Open Thinkering


TB872: A systems map of organisations involved with LERs in the USA

Note: this is a post reflecting on one of the modules of my MSc in Systems Thinking in Practice. You can see all of the related posts in this category

As part of my preparations for my End of Module Assessment (EMA) I need to create a diagram giving an overview of an ecosystem I’m trying to help influence. Having already created diagrams from the perspective of the Digital Credentials Consortium (DCC) with which WAO is working, I’ve decided to try and take on the concept of Learning and Employment Records (LERs).

We’re currently helping the DCC think about what might go into an updated version of the LER Ecosystem Map. Given that LER is a term which is currently specific to the US context, I’m using this as an opportunity to braid my theoretical and practical understanding of how all of this fits together. Although I’ve worked with US-based organisations and visited there many times, I have no lived experience of the country nor of its systems.

Image from LER map website including circles such as 'Credentialing Organizations' and 'HR Systems' around the outside, and 'Developing', 'Issuing', 'Adopting' and 'Using' around the central word 'Equity'.

The above image from the LER map is colourful and nice to look at, but in my opinion does not help the visitor understand the ecosystem. Although my needs may be different to, say, employers or learners, I have come at this from an organisational point of view, trying to categorise them based on interest and objective.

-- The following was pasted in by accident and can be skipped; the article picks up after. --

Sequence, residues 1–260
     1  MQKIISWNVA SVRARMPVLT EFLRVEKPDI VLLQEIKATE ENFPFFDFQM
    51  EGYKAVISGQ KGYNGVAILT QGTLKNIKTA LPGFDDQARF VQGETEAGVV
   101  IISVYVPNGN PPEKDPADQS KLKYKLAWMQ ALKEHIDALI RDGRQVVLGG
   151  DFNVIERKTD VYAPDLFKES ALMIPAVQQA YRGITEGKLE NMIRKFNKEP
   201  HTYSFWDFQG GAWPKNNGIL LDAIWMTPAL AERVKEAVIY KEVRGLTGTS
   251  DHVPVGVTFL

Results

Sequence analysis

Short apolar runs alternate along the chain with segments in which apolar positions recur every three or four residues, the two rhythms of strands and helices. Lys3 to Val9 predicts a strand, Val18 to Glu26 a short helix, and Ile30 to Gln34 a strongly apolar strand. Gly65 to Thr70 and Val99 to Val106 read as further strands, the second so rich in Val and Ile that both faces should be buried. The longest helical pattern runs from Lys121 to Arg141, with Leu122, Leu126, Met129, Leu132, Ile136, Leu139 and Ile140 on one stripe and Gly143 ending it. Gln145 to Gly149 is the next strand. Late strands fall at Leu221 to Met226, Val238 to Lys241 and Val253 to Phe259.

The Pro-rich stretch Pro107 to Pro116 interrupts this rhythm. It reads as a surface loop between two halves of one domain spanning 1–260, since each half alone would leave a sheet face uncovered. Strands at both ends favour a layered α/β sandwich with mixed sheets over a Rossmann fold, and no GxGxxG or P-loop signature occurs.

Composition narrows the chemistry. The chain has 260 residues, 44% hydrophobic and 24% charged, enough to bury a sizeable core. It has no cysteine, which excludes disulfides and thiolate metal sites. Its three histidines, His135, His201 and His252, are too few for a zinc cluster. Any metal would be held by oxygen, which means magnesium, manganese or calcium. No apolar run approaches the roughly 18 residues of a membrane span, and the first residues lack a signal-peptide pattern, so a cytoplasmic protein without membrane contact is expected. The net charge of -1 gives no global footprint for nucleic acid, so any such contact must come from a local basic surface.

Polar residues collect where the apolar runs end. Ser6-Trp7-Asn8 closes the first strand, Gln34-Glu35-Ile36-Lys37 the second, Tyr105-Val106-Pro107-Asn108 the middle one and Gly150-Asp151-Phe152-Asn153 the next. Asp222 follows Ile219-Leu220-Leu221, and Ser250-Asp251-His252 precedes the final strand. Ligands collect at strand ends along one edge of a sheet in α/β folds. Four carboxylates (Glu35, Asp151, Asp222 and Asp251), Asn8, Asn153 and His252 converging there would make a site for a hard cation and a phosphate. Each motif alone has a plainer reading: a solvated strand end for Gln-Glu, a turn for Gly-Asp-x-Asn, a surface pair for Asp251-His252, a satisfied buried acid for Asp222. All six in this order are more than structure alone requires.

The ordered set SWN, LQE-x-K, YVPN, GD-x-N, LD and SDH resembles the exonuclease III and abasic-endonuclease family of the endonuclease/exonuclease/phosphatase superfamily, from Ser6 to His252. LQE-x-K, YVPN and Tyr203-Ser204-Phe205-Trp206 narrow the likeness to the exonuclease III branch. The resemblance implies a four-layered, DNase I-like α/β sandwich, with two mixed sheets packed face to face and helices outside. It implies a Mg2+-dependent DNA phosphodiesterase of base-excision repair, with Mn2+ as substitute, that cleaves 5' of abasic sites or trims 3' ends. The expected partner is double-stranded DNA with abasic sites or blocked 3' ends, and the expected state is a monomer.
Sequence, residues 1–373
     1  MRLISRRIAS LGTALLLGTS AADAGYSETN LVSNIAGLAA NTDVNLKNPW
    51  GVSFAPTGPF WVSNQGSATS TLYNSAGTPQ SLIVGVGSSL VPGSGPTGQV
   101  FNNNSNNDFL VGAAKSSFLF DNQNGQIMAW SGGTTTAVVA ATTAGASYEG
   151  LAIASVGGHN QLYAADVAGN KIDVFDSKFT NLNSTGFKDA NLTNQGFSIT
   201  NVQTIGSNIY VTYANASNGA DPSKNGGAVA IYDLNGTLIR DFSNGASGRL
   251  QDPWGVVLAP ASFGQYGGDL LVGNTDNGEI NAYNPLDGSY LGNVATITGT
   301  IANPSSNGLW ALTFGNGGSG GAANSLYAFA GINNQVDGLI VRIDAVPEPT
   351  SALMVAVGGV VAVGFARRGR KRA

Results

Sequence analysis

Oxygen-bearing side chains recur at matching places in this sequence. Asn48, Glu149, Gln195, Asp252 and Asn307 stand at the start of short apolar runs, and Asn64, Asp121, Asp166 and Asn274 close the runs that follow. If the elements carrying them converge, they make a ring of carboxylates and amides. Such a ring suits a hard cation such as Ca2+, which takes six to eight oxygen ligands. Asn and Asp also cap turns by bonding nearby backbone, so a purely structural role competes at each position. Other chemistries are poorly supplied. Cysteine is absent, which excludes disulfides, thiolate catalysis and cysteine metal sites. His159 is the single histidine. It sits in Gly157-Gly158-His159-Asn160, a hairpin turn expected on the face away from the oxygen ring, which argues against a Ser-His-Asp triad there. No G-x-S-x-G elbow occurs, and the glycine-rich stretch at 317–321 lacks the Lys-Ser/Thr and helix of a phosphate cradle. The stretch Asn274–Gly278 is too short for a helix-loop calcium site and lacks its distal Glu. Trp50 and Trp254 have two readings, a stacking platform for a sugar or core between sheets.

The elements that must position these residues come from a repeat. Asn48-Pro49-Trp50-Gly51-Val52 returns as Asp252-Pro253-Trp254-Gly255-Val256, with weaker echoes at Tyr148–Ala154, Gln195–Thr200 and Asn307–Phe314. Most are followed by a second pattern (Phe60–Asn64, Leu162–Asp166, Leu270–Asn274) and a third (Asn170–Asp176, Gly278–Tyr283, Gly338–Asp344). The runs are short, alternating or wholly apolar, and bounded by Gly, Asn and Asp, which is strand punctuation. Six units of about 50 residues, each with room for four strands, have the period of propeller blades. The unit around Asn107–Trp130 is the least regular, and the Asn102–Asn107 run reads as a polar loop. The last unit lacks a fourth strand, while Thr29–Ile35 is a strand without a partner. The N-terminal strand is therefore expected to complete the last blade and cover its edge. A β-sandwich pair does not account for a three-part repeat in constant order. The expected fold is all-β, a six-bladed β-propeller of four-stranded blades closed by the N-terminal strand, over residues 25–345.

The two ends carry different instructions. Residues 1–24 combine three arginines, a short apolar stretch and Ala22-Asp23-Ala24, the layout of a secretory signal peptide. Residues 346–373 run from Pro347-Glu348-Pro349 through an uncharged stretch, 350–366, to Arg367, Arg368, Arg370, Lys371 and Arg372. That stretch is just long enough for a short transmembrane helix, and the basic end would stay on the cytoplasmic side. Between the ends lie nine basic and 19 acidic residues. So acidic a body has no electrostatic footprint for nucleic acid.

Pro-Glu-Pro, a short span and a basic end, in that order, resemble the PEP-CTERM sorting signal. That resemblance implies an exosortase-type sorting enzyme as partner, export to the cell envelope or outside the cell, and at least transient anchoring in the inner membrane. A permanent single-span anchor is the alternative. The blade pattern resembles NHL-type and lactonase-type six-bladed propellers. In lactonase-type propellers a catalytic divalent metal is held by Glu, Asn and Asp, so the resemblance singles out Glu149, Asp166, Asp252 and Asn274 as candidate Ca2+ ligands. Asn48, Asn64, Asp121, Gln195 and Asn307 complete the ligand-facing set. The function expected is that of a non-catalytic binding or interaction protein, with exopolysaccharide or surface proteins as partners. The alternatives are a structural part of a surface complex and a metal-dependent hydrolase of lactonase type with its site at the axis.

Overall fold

While I’ve tried to make this as clear as possible it is confusing to me as well as to others I know who are more deeply immersed in it. Ideally, I would be able to represent this map in three dimensions.

A systems map showing a partial and incomplete understanding of the relationship between different organisations involved with LERs in the USA
(click/tap to enlarge)

Although I have interacted with representatives from some of the organisations mentioned on here, it is a very different landscape to a decade ago when I was working on Open Badges at Mozilla. It’s almost as if the digital credentialing landscape has fractured into three:

  • Skills-based hiring (LERs)
  • Academic-adjacent courses (microcredentials)
  • Holistic recognition of skills, etc. (Open Recognition)

One of the criticisms I have of the LER Ecosystem Map as it currently stands is that it appears to have been created by committee. It is unclear who is it is for, and as such there are multiple, competing, overlapping understandings of the ecosystem.

I have the following questions in terms of where there might be a need for a more systemic perspective:

  1. What is the future we are collectively trying to imagine? Beyond helping HR departments more accurately and efficiently match workers to jobs, how do LERs make the world a better place?
  2. Over and above lending an air of integrity, what is the role of academia in the LER ecosystem?
  3. Where is the voice of the learner, earner, or worker in this system, beyond being the subject of research?

I’m sure other questions will come to me as I think about this and work more on the LER map. It’s been an interesting exercise, though, just to look at what the different organisations do and try to categorise and classify them on my (incomplete, subjective) systems map.

Update: it’s not a systems map as such, but a day later I realised that WAO’s Audience Ikigai template could be useful for this work. So I had a go trying to map the LER landscape using only four thematic areas:

Four coloured overlapping ovals entitled 'Policy & Funding', 'Skills-based Credentialing', 'Research & Academia', and 'Technology, Interoperability & Standards'

Various organisations (e.g. the Digital Credentials Consortium and Credential Engine) are positioned at various overlaps

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